A man who shook his baby daughter to death almost seven years ago has been jailed for nearly four years.

Tawera Wesley Wichman, now 24, was sentenced at the Wellington High Court today to three years and 10 months in prison for the manslaughter of his daughter Teegan Tairoa-Wichman.

Teegan died in Hutt Hospital on September 8, 2009.

She and her twin sibling were born 15 weeks premature in October the year before when Wichman was only 17 and his partner Tamara Tairoa just 16.


The Court heard Teegan was admitted to hospital with a brain injury two months after being released from the special-care baby unit.

She returned to her Wellington home in April, but a month later was admitted to hospital where she died from her injuries.

Before Teegan and her sibling were taken home by their parents, the hospital had warned them of the dangers of shaking a baby.

But Teegan was a diffcult baby. She cried a lot, the court heard.

Wichman had tried to give Teegan a bottle but she was still crying, the Court heard.
The 17-year-old father then shook Teegan.

Although her head didn't contact anything, she was still very fragile.

Justice Simon France acknowledged they were loving parents but struggled to bring up their twins.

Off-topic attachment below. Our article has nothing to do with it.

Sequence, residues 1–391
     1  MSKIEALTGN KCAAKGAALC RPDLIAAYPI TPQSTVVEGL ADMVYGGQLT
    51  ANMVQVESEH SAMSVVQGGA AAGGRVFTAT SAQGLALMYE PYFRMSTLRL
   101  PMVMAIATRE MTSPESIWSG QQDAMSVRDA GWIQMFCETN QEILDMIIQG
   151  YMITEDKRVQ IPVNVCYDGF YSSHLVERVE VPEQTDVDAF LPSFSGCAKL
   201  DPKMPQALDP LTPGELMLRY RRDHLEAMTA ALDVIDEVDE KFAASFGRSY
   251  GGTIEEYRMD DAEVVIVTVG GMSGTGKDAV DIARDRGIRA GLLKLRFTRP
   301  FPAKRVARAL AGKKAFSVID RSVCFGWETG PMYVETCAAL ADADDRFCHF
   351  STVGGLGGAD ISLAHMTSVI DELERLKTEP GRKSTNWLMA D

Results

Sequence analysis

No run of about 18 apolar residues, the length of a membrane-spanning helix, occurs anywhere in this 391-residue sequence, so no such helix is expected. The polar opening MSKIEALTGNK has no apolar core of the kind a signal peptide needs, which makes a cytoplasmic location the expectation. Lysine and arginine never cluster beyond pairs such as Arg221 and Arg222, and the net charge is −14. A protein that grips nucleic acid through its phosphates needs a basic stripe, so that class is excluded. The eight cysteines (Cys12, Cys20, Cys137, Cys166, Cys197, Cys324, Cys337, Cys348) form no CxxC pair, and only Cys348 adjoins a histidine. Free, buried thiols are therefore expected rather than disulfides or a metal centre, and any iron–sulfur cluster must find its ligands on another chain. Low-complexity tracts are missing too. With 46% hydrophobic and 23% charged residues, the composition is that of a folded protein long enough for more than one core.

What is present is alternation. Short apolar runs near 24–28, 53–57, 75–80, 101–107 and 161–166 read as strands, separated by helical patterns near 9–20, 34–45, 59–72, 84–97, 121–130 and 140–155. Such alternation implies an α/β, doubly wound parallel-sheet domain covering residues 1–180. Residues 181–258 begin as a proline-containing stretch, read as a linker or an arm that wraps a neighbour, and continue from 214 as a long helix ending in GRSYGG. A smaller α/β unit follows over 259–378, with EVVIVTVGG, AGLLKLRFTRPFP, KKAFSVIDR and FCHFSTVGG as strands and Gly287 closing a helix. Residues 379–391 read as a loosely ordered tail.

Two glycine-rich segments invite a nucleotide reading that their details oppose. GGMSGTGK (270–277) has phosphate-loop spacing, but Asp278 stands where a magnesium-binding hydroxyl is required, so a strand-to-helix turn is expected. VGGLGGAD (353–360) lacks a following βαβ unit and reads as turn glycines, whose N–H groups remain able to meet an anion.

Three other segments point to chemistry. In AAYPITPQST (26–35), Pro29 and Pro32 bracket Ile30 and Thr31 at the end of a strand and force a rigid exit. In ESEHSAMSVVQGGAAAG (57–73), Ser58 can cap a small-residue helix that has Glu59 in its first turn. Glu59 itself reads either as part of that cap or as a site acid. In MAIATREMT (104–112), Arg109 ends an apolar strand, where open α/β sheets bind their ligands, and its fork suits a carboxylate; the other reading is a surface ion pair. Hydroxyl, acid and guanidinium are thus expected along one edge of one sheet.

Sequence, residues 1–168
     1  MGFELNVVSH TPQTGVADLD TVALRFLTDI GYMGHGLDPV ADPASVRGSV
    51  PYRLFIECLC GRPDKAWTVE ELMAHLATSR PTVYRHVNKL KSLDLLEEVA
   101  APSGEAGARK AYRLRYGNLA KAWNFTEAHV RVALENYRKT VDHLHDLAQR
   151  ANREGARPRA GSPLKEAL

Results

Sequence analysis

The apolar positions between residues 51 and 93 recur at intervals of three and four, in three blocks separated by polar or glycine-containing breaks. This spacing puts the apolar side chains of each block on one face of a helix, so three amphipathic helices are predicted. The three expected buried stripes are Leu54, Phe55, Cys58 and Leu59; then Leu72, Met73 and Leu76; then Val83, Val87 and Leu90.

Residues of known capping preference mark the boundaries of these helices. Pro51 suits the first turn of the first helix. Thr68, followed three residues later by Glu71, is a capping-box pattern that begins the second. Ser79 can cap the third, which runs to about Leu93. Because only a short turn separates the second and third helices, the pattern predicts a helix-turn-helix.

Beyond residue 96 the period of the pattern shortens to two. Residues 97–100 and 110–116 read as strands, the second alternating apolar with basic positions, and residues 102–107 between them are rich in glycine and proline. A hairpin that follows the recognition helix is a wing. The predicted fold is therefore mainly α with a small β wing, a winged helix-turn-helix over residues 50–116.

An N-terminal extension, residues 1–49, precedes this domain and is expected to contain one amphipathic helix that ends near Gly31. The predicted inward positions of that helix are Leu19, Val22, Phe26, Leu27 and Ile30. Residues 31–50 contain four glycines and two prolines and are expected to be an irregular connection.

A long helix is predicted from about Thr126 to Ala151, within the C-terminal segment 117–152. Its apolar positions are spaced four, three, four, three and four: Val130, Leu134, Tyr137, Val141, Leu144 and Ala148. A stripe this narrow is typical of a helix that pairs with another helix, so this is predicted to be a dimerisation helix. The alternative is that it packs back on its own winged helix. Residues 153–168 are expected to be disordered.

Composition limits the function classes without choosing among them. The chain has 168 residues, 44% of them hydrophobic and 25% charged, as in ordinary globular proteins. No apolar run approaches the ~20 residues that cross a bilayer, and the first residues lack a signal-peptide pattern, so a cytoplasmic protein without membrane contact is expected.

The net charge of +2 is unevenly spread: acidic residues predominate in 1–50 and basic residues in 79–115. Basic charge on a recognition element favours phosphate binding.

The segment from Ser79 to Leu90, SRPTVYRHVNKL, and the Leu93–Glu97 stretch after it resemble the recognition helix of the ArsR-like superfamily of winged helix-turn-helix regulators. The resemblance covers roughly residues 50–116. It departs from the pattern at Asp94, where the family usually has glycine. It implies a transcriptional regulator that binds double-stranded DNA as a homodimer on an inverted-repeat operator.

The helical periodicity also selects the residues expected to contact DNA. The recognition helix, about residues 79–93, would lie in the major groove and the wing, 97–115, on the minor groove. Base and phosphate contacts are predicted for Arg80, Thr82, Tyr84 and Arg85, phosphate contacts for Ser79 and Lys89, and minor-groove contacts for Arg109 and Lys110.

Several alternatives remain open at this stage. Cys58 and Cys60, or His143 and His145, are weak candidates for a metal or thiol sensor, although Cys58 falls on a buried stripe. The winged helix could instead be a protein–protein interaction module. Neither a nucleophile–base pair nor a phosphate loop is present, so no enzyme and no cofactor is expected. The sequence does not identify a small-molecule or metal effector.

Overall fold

"They were only teenagers, mother was only 16, trying to bring up twins who were 15 weeks premature. It must have been really hard."


Teegan's grandfather and father of Tairoa, Lance Tairoa said in his victim impact statement that he spent a lot of time with the twins.

One evening he was told Teegan stopped breathing.

"When I heard she was having seizures I knew it was something different."

Teegan was transferred to Auckland's Starship Hospital.

"I was in shock but I had to be strong for her," Lance Tairoa said.

He remembered Teegan opening her eyes as he sat at her bedside.

"Nurses gathered around her. [They] were praising her saying 'We know what colour her eyes are'."

When Teegan died in September 2009, Tairoa was sad, angry, in disbelief and beside himself.

Although others had told him this was a cold case, he never gave up.

"I promise you justice will be done."

Lance Tairoa then turned around in court and said to his family: "We must learn to love one another and support each other.

"What has happened has caused a lot of fighting and it's time to change.

"Now we can focus on the good memories and good times while Teegan was with us," he said.

Wichman's lawyer Paul Paino said Wichman was "ill-equipped" to take care of his premature children.

His risk of re-offending was low, he said.

Justice France said he didn't condone the behaviour, but there were consequences to
Wichman's actions.

The couple lost custody of the surviving twin and also their other child.

When Wichman left the dock, family members watching on, yelled "love you son".